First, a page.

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By: Presbyterian Senior Living on

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Generating Awareness for Parkinson’s Awareness Month

Health & Aging | Caregiver Support

parkinsons awareness monthParkinson’s disease is a brain disorder that causes tremors, balance problems and changes to gait and speech. About 1.5 million Americans currently suffer from the disease, and some 60,000 new cases are diagnosed every year. The condition most often strikes seniors, affecting about 18 out of every 1,000 people over age 65.

At Presbyterian Senior Living, we understand that aging with Parkinson’s disease can be incredibly difficult, and we’re spreading the word that people dealing with this disease can maintain a high quality of life. In recognition of April as Parkinson’s Awareness Month, we want to share some important information about recognizing the symptoms and learning more about what you can do to help someone suffering with the disease.

What Are the Symptoms of Parkinson’s?

The most frequent symptom of Parkinson’s disease in seniors is involuntary shaking or tremor, which often occurs in the hands but can affect other parts of the body, including the jaw, leg and lower lip. Additional primary indicators include:

  • Stiff, tight or achy muscles in the trunk, legs or arms, either on one side or on both sides of the body.
  • Slow movement, known as bradykinesia. Individuals suffering from Parkinson’s can have difficulty with dressing, getting out of bed and speaking.
  • Postural instability, including falls and balance problems. An individual with this symptom may have difficulty with walking, turning around and staying balanced.

Secondary symptoms can include:

  • Slight dragging of feet or a shuffling gait.
  • Freezing in place when trying to walk.
  • Loss of expression in the face due to rigid muscles.
  • Muffled or quiet speech.
  • Falling backward, known as retropulsion.
  • Mood disorders, including anxiety and depression.
  • Very small handwriting, known as micrographia.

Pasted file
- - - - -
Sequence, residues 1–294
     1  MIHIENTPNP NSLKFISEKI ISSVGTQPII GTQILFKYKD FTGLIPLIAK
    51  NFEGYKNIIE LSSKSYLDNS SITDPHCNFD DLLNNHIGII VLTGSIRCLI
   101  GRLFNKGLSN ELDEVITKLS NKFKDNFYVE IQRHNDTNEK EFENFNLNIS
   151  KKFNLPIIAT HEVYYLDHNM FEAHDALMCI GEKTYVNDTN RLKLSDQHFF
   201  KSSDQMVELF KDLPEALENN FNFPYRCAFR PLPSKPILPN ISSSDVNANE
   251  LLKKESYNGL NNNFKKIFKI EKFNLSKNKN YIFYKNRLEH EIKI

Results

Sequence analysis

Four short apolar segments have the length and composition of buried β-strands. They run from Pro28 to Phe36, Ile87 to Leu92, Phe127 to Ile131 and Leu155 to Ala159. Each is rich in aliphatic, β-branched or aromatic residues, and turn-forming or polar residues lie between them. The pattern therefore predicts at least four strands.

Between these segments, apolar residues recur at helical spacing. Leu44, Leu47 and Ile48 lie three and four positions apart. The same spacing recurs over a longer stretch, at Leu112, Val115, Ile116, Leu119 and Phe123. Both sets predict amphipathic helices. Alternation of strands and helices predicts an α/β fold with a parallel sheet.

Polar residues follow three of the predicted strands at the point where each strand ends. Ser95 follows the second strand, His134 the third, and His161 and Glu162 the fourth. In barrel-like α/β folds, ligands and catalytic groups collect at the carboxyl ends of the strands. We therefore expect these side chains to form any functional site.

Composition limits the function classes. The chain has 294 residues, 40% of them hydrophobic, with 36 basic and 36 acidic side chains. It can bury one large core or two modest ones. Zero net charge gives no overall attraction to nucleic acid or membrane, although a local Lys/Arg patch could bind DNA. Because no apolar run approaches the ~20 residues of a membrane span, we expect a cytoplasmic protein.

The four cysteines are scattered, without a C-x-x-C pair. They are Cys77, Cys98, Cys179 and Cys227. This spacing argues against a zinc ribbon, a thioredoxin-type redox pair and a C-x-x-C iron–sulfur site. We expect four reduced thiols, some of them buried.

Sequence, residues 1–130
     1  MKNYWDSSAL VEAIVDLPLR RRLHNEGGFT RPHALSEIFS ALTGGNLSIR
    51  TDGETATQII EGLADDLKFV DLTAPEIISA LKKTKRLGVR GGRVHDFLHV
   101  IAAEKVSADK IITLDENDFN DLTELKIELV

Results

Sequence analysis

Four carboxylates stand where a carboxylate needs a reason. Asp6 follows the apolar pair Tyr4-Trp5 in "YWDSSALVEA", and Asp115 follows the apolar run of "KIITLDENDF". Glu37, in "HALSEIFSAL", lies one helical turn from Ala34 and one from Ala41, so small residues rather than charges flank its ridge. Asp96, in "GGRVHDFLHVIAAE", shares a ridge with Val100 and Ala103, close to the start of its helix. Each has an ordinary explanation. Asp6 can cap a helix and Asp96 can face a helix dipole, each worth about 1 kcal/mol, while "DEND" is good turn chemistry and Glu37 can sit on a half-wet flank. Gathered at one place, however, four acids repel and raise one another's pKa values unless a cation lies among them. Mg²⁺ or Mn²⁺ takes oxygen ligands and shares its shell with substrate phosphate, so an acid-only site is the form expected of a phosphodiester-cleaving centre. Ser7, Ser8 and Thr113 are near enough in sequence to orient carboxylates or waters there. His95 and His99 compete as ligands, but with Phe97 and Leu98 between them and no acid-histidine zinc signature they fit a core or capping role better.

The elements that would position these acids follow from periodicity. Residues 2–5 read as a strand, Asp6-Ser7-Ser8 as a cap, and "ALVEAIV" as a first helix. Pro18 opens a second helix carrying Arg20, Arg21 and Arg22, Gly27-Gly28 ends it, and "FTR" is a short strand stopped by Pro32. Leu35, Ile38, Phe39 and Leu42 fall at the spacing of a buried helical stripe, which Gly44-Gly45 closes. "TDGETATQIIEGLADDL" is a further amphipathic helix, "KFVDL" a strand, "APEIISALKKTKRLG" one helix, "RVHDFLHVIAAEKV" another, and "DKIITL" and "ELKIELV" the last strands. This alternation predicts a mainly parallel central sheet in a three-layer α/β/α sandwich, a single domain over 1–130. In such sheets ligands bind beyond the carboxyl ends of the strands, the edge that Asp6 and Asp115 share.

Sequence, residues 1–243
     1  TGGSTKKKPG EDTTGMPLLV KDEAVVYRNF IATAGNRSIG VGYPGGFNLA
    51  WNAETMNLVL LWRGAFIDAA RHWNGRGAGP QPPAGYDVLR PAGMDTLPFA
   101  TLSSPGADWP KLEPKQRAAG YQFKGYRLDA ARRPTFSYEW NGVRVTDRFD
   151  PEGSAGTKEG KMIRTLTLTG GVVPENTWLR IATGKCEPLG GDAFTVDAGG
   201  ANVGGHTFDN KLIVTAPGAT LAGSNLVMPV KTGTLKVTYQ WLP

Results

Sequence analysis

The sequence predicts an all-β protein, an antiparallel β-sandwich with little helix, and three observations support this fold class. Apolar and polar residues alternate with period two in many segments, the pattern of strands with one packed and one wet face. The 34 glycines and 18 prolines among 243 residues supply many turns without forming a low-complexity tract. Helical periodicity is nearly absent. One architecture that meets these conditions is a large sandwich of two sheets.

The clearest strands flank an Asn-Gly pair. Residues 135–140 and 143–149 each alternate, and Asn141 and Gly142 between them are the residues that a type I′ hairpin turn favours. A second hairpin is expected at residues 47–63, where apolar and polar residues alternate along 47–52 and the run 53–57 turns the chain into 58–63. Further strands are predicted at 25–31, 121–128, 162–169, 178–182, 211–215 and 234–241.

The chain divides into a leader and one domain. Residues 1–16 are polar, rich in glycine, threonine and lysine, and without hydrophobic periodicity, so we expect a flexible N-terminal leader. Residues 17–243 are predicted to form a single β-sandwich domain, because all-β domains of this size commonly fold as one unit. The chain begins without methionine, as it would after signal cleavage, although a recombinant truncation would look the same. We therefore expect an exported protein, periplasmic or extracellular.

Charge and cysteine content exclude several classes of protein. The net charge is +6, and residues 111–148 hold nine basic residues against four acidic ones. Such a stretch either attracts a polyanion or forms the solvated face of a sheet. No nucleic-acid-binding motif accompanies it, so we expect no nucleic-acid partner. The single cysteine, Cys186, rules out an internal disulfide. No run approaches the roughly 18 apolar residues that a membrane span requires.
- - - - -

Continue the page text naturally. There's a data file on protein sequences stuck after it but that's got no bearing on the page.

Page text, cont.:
• Reduced swinging of the arm on the affected side when walking.
  • Impaired ability to blink or swallow.
  • Cognitive changes, including slowed thought, problems with memory and language, and dementia.
  • Delusions and hallucinations.
  • Sleep disorders.
  • Pain and fatigue.
  • Diminished sense of smell.

How Can You Help Those Living with Parkinson’s?

It’s important to support your loved one with Parkinson’s as much as possible by learning about the disease, adapting your routine as necessary and offering to share responsibilities associated with care. People with Parkinson’s will be willing to accept different degrees of assistance; you may be able to help with transportation and support for doctor and therapy appointments, administering medications, cleaning and maintaining the individual’s home, and other duties that may become difficult because of the disease.

You also can help by staying in communication with your loved one so you can recognize subtle changes or new symptoms that the individual may not realize are happening. As physical changes occur, you can suggest and help facilitate alternatives to beloved activities, such as attending concerts rather than playing an instrument.

How Can You Participate in Raising Awareness This Month?

If you’d like to help raise awareness of Parkinson’s disease, you can make use of online resources from the Parkinson’s Disease Foundation, including a free toolkit, posters, tree ribbons, and a social media badge. To learn more about how Presbyterian Senior Living helps individuals with Parkinson’s continue to live a vibrant life, please contact us.

About Presbyterian Senior Living

Presbyterian Senior Living is a not-for-profit organization, fulfilling its charitable purpose and mission by providing high quality retirement choices, healthcare services and affordable residential living options for people 55 and older for more than 85 years. Headquartered in Dillsburg, Pennsylvania, Presbyterian Senior Living provides services to approximately 6,000 seniors in 30 locations in the mid-Atlantic region of Pennsylvania, Maryland, Ohio and Delaware.

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